Jump-start learning this summer vacation with your pre-schooler

June 27, 2013 | Posted in: Early Learners

The early years of school, whether you’re sending your child for the first time or watching him or her advance to kindergarten, are golden opportunities for parents to nurture in a child a love for learning, the cornerstone of school success. Parent Today wants to encourage and equip you. Our Parent Today Seeds of Learning summer calendar will take you right through the first month of school with a summer full of enriching activities to help you help your child prepare to succeed in school.

Pre-kindergarten is a great start to your child’s education – but what can parents do to give their little student a pre-pre-school jump-start this summer? The same thing you’ve been doing since they were small – read to them.

“Reading with your child every night builds their vocabulary and speaking and listening skills,” said Jordan-Elbridge Elementary Principal Ellen Leuthauser. Before becoming a principal in the small district just west of Syracuse, Leuthauser was a reading and literacy expert.

“After reading, talk about the story. It is very important for children to understand the story and to notice what the author and illustrator have done,” Leuthauser said.

But what books are best? If a book is too hard, it might frustrate your little one. Too easy and they might give up, too.

Luckily there’s help. Reading experts suggest seeking out your local librarian to help build a summer reading list for your tot; or get in touch with your elementary school librarian for suggestions.

If your school has closed for the summer or if you’re a do-it-yourselfer, the worldwide web is your oyster.

One resource teachers use is TeachersFirst.com, a non-profit organization that provide lesson plans and book lists for educators. For pre-k students TeachersFirst.com pointed Parent Today to a reading list compiled by TeachersandFamilies.com.

The extensive list weighs heavily on books that teach the A-B-Cs in creative ways (“ABCDiscovery” by Izhar Cohen); address big life-changes (“A Big Bed for Jed” by Laurie Friedman); virtues such as patience (“Apple Batter” by Deborah Turney Zagwyn); and special interest books about boats, butterflies, mysteries – things your child might be particularly interested in.

Still not sure what’s right for your son or daughter? NPR’s daytime radio program “Tell Me More” recently hosted a group of mom-experts who gave great advice about getting kids excited about reading, summer reading and school-age children.

What will my son or daughter learn in pre-kindergarten? How can I get them ready?

If this is your first child, things have changed since you were a student. New York is one of the 45 states that recently adopted the Common Core Learning Standards, a sweeping change to how children are educated. It’s a BIG change full of tiny nooks and crannies that can make any anxious mommy’s (and daddy’s) head spin.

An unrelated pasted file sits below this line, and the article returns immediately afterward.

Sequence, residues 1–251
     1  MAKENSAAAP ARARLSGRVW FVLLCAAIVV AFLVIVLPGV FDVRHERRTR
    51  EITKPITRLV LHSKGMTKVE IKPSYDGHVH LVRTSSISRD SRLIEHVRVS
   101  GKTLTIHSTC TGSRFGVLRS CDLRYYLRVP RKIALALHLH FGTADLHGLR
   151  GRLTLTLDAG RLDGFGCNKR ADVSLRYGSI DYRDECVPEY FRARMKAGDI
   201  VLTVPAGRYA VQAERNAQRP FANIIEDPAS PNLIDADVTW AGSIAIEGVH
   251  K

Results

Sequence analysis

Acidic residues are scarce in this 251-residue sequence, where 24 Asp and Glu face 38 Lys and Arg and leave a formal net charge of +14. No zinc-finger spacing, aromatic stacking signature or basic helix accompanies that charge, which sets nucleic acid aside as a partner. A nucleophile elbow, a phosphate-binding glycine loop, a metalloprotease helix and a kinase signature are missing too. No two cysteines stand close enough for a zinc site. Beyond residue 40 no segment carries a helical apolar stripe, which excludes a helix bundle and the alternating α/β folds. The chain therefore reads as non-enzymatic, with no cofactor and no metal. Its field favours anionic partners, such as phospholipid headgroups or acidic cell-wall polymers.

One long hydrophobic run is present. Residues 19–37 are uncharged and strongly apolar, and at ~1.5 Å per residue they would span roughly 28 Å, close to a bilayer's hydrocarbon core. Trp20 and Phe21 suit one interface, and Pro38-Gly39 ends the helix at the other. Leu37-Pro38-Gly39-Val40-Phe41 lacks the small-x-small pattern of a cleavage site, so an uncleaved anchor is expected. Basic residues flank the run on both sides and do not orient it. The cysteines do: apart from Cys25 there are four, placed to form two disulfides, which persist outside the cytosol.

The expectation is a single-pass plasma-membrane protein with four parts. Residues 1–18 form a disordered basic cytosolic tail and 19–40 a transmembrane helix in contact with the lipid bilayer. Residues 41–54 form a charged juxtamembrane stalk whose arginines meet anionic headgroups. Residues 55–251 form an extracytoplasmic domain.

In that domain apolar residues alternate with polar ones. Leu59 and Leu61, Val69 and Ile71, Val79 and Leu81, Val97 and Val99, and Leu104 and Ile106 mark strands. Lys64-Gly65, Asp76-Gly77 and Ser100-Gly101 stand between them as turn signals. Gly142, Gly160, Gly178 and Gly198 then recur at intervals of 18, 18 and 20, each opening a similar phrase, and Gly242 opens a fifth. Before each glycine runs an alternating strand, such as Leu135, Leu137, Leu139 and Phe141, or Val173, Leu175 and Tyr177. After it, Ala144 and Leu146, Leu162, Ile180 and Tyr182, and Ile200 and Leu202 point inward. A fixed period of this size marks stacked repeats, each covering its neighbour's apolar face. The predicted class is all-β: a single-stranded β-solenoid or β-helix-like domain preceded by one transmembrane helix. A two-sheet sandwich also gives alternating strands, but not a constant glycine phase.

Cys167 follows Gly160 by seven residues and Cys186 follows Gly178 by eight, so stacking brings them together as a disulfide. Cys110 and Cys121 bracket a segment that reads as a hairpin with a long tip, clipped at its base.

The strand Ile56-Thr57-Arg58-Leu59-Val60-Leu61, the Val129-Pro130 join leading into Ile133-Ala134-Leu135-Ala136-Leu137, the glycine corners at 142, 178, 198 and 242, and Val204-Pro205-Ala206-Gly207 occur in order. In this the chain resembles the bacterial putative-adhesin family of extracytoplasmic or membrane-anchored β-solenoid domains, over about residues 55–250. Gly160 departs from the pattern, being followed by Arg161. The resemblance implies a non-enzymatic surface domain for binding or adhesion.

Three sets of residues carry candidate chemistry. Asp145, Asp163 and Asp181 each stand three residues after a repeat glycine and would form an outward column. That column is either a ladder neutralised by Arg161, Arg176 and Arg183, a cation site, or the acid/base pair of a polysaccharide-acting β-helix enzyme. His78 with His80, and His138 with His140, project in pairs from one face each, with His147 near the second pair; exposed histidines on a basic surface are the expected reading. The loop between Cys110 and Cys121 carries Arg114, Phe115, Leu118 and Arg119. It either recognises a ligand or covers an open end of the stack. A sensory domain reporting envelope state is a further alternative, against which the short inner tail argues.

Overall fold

The overall goal, however, is to slow things down and make sure kids master one skill before introducing the other. New York state has built the website EngageNY.org to help teachers and parents learn about the Common Core. The list of skills a pre-kindergarten class will learn is extensive and amazing, given the fact that most pre-k classes are half-day sessions. Still, don’t worry, many of these skills your student will likely bring with them. For example, who hasn’t used a banana to express the idea of a telephone?

As far as reading, there are plenty of skills you can start working on now. For instance, pre-k students will work throughout the year on learning how to retell stories; be able to ask about and answer details about familiar stories; and be able to participate in group reading activities with interest and purpose. A non-fiction children’s book – say about farm animals – might be a good read. The new standards want students to learn how to read and interpret informational texts, too.

The reasoning is that everyone, from a PhD candidate to car mechanic, needs to be able to glean complex information from texts and manuals. That skill is now being taught from the very start, and your pre-k student will spend about half their time reading non-fiction texts.

Is your head spinning yet? If all of this is overwhelming, remember a school career is long, your child is just starting, and when the school bell rings you’ll have a guide, your child’s teacher. Early childhood education encourages learning through play – and pre-k teachers are good at keeping learning fun.

Regarding this summer, Jordan-Elbridge’s Leuthauser has a second recommendation for parents who want to get their son or daughter ready for school:

“Writing is just as important as reading. The writing may not look the same as yours and mine, but it is essential for success that they have an opportunity to write. Providing children with ample exposure to reading and writing boosts their confidence, and that is the greatest gift you can give a child,” she said.

Daniel Bader is a communications specialist with the Capital Region BOCES Communications Service. He is an award-winning author of the column “First-time Daddy” published bi-weekly in the Observer-Dispatch newspaper in Utica, N.Y. Prior to joining the Communications Service, Daniel earned an Associated Press award as an education beat reporter for the Observer-Dispatch. He received citations from the City Council of New York for his education reporting the Manhattan Times in Northern Manhattan. He lives between Utica and Syracuse with his wife, Kendall and his son, Hudson, the energy-packed inspirations for his column.

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